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Patrick Reusse

Patrick Reusse has been covering sports in the Twin Cities since 1968.

Reusse: Recalling, rating six Olympics covered by your favorite sports writer

What’s a little self-indulgence between friends, meaning me and all those Twin Cities readers who have looked forward to my laser-focused columns since they started appearing in the afternoon St. Paul Dispatch in February 1979.

The deal is, I was rustling around on Monday morning in Fort Myers, and the thought came that what a wonderful moment this must be for Star Tribune colleagues Rachel Blount and Chip Scoggins, as they packed it in after another day of covering the Winter Olympics in Pyeongchang, South Korea.

Here’s the self-indulgent part: I covered six Olympics (three Summer, three Winter) and nothing in sports writing compares as a grind. And on this Monday in Florida, I had a flashback to the euphoria felt when one of my Olympic assignments reached its final seven days.

“It’s the last Monday,’’ you would say on that morning. “We’re going to make it.’’

And then came Tuesday morning, and you started to get a glimpse of the finish line. By Wednesday, your pulse was pounding with excitement that by nightfall, it would be almost over – four days left of 17, less than 25 percent.

Hey, I’m just telling you the truth here: put together 10 days with an average of three hours’ sleep, four on your best night, and you appreciate arriving at the last Monday, followed by the last Tuesday, a celebration all way to the relaxed final Sunday, when it’s all over.

I started kicking around the half-dozen Olympics on the satisfaction scale as a reporter, and this was the list.

1-Barcelona, 1992: Juan Antonio Samaranch, president of International Olympic Committee, guided the Olympics to his home area. There was considerable skepticism if Barcelona had the wherewithal to pull it off, but these Summer Games were fabulous.

Samaranch was driven to do away with the amateur-ideal hypocrisy for the Olympics and bring the best athletes in the world to Barcelona. The greatest success in this was to get USA Basketabll to agree to use NBA stars – and that became the one, true Dream Team.

The presence of Magic, Michael, Charles, etc. created a phenomenon with the public that was something to behold. The Dream Team’s games weren’t close, and that only made them more popular.

Basically, everything was great in Barcelona, other than the fact that the locals paid no heed to the leavings of their many dogs. Watch your step!

2-Los Angeles, 1984. The Soviet Union and most of its Communist cohorts were boycotting. There were also dire predictions as to the congestion the Summer Games would bring to the already overwhelmed freeways of L.A.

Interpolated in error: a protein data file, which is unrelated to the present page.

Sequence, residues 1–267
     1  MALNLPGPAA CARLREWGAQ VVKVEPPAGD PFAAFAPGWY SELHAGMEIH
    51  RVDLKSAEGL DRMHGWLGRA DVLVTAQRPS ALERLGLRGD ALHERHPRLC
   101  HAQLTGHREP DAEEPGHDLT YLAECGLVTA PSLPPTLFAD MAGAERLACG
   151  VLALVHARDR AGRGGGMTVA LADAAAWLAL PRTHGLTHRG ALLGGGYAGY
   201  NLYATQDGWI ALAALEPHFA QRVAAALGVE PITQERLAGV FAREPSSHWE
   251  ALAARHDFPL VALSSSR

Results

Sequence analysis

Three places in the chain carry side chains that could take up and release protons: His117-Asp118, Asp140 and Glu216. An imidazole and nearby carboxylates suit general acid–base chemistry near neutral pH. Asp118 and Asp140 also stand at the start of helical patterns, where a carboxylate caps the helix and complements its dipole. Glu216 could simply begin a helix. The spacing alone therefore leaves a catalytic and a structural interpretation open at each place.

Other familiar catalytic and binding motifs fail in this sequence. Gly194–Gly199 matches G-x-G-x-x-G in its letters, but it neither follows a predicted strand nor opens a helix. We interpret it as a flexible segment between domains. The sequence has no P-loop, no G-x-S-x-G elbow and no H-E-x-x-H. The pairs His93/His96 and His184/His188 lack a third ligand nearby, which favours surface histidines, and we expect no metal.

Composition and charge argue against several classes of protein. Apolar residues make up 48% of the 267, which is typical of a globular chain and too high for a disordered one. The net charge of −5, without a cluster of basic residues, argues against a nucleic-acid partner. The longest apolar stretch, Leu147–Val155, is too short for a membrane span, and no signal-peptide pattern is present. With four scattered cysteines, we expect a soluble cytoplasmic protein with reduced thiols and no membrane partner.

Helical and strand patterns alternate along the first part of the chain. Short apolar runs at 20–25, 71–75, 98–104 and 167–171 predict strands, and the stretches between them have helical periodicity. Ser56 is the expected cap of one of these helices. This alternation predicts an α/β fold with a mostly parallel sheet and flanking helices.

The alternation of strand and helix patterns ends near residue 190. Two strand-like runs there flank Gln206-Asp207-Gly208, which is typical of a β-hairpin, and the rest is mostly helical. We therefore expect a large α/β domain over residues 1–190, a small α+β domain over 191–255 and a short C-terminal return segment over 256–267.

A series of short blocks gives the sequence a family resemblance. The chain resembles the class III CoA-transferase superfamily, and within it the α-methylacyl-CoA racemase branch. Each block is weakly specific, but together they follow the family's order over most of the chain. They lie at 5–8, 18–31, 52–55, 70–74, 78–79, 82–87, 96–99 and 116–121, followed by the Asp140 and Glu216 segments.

Turned out, huge numbers of folks headed elsewhere, and it was easier to get around L.A. than at any time I was there – before or since.

Gregg Wong and I were covering for the St. Paul newspapers and we were trying to cover a half-dozen events per day. On the final weekend, we went to a gathering of reporters covering for Knight-Ridder Newspapers, and were reminded that we were supposed to have checked in for assignments at the start of the L.A. Games.

It was too late. Sorry.

The track was great, the boxing was great. I was able to see Mary Lou, and I was able to freak out watching synchronized swimming for the first time. The only real downer was Bobby Knight winning the gold medal in a romp in men’s basketball.

3-Lillehammer, 1994. We had Norway’s Koss the Boss and the USA’s Dan Jansen in speed skating, Nancy, Tonya and Oksana in figure skating, Picabo Street in Alpine skiing, and the most humble and helpful people I’ve ever been around.

There were Norwegians that actually seemed to be embarrassed the home country was winning so many medals – as if it made Norway a bad host.

(Note: That wasn’t a problem for we Yankees in L.A. in 1984, I can assure you of that.)

I was taking my marching orders from Jay Weiner, the Olympic writer for the Star Tribune, and Mike Preston was taking his from Bill Glauber, the Olympic writer for the Baltimore Sun.

Which meant Preston and I were on the same busses to events almost every day. Preston is an African-American gent, and in that part of Norway … well, there wasn’t a lot of racial diversity.

A dozen times locals came up to Preston to ask, in the most polite way possible, if they could take a photo with him. This went on for a week and finally Preston said: “OK, this is starting to irritate me.’’

Which was funny ... even if you had to be there.

4-Sydney, 2000. The Australians were almost as lovable as the Norwegians, but in a completely different way. They offered more cynical humor than you will find in the USA.

The city was tremendous. The days were sunny. The venues were terrific. The problem was the time difference. It drove me crazy always to be writing 1½-day old news for a morning newspaper. We did not have a devotion to producing copy for a 24-hour Website as became the case a few years later.

One bit of fun was watching Doug Mientkiewicz and his teammates beat Cuba to win the gold medal in baseball, with the boastful Tommy Lasorda as the manager.

5-Salt Lake City, 2002. I wasn’t there to watch Herbie Brooks pull off the upset in Lake Placid in 1980, but we had him as a coach of the NHLers in Salt Lake. The semifinal victory over Russia was fantastic, before a loss to Canada in the gold medal game.